Yom Kippur and the Jewish Cultures Club

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Yom Kippur and the Jewish Cultures Club

Scott Saltzman

Scott Saltzman

Scott Saltzman

Yom Kippur is considered to be the holiest day for people who practice Judaism. It is essentially a day of atonement. This means you confess and reflect on all of the sins you committed from the past year, so God may forgive you. People of the Jewish faith celebrate Yom Kippur by not consuming food and drink, not your washing hands or your body, not applying lotions or creams, not wearing leather footwear, and abstaining from any marital relations. Instead, they spend the day in synagogue, praying for forgiveness. While many Jewish people celebrate Yom Kippur in a much less intense way, they still showing the same respect. 

As a founder and president of the Jewish Cultures Club at Newman, it is our goal to have an inclusive environment to discuss Judaism. In our last meeting we all shared what we had done to celebrate Yom Kippur. The majority of us attempted to fast, but with the rigors of sports and a growling stomach, only a few succeeded. In spite of failed fasts, almost all of us attended services at our respective synagogues.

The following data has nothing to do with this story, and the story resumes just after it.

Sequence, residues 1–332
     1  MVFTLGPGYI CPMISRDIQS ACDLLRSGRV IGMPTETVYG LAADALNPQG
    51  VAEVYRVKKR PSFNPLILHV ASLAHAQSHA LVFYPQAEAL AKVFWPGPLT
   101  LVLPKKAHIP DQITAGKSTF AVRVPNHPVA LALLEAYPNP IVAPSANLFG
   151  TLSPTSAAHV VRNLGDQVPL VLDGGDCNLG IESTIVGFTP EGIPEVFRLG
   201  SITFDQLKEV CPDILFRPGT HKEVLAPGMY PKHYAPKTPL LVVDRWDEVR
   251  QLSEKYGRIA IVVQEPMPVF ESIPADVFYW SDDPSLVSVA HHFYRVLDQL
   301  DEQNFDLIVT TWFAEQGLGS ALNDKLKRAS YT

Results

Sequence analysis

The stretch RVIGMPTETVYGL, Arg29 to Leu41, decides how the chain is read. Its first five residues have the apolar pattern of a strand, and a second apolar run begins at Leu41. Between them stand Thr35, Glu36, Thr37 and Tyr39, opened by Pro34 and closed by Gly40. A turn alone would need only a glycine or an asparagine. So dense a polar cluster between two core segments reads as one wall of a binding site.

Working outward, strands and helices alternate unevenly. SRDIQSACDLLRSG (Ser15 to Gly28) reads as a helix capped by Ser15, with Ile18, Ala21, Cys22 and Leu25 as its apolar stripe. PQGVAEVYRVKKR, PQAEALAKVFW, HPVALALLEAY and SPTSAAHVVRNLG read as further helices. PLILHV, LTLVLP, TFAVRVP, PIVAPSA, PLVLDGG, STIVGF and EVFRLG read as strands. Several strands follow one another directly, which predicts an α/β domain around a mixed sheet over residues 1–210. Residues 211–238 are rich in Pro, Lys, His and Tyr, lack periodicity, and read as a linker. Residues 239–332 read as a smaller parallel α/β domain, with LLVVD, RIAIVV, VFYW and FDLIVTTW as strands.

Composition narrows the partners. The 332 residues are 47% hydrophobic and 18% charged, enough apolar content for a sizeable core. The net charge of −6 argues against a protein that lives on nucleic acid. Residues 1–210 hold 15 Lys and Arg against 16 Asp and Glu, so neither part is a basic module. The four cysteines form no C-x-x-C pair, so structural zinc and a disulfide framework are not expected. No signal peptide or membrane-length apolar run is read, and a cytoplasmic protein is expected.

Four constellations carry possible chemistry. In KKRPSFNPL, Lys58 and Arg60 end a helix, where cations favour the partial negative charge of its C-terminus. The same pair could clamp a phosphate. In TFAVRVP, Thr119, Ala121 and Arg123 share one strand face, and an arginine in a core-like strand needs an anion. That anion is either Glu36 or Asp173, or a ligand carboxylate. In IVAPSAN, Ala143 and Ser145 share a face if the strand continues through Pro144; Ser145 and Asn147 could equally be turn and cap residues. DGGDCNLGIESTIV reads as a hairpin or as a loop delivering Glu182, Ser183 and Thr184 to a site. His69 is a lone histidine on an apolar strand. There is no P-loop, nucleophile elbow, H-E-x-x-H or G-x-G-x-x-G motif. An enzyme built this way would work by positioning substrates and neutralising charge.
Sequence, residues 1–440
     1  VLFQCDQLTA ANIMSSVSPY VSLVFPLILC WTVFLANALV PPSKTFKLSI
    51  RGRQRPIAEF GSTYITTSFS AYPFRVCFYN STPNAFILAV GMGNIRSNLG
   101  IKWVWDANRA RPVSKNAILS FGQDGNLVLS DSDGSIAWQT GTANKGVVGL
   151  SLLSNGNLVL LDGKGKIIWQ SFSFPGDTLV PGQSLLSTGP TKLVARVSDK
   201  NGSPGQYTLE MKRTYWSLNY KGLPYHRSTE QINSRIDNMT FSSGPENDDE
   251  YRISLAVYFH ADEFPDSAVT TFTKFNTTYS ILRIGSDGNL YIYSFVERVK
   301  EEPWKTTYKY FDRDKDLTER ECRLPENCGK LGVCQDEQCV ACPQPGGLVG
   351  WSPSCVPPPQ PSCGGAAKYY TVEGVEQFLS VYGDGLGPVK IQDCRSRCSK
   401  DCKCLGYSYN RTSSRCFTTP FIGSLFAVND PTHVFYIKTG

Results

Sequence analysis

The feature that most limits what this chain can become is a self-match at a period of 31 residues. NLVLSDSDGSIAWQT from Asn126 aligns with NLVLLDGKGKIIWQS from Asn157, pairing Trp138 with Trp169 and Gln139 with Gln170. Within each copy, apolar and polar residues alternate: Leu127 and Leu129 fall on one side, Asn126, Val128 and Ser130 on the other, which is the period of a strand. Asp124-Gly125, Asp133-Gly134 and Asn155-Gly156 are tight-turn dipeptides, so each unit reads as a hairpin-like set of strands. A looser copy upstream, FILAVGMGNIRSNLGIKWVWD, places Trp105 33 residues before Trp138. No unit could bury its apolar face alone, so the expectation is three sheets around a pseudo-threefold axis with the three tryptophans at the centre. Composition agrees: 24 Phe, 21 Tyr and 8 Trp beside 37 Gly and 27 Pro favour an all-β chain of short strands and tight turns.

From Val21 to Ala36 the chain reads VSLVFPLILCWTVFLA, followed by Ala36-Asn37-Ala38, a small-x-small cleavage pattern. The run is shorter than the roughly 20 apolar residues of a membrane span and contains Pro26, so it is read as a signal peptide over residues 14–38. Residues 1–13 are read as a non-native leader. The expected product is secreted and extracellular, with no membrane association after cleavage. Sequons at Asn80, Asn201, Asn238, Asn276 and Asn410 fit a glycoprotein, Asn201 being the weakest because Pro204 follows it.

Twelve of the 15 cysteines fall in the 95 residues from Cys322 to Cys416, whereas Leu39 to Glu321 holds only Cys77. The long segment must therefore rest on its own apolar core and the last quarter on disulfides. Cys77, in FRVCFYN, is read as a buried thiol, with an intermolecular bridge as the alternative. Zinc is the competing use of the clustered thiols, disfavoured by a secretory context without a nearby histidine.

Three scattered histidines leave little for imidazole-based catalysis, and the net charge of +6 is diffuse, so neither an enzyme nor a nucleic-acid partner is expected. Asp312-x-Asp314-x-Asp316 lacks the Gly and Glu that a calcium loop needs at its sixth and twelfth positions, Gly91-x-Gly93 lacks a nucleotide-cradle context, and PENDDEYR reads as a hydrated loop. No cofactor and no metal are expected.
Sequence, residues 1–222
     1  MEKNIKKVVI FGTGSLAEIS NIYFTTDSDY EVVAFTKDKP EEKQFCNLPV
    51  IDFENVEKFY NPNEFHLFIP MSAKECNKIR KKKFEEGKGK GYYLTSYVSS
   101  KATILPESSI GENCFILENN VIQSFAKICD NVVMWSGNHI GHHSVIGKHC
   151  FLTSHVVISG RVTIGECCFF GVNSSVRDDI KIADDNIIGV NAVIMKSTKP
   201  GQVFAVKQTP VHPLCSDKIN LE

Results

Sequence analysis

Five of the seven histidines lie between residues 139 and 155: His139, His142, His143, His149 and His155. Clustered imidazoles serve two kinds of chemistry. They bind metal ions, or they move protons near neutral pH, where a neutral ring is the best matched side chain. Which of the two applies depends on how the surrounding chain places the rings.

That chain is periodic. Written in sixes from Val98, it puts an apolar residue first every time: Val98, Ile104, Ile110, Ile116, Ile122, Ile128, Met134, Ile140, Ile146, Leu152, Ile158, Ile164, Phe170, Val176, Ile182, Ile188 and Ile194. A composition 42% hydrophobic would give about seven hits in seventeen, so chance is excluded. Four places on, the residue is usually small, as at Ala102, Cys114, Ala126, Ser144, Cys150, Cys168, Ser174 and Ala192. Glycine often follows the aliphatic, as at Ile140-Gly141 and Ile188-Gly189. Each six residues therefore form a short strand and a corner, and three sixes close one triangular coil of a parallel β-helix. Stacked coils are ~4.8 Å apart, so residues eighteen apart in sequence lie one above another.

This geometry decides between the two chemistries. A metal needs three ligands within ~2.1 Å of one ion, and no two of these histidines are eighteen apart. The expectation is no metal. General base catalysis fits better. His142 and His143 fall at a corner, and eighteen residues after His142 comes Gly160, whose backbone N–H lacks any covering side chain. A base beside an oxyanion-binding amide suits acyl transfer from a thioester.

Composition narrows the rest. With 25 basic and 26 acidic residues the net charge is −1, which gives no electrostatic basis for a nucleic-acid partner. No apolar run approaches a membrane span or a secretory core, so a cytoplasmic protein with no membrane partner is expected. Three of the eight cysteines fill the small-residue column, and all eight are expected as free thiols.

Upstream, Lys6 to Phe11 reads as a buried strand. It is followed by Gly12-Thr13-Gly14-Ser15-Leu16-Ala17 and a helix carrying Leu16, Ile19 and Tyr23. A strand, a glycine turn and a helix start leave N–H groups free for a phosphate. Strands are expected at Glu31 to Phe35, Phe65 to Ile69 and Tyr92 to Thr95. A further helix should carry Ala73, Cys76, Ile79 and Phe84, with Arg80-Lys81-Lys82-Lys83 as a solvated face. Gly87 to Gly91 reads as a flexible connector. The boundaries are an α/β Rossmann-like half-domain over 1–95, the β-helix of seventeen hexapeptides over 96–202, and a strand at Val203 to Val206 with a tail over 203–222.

Though a lot of traditions are the same for everyone, Yom Kippur’s deeper meaning has a different effect on everyone. Max Jacobson, a Junior at Newman School, talked about how he uses this day of forgiveness to really reflect on his relationships with his family and his friends because that is what is most important to him. Katherine Kramer, another Junior at Newman School, doesn’t actively practice Judaism, but while learning about what Yom Kippur symbolizes, she realized she also wanted to reflect on all of her regrets from the past year. The Jewish Cultures Club works to include people of all beliefs in their club because many aspects, such as the search for forgiveness on Yom Kippur, can benefit someone from any background.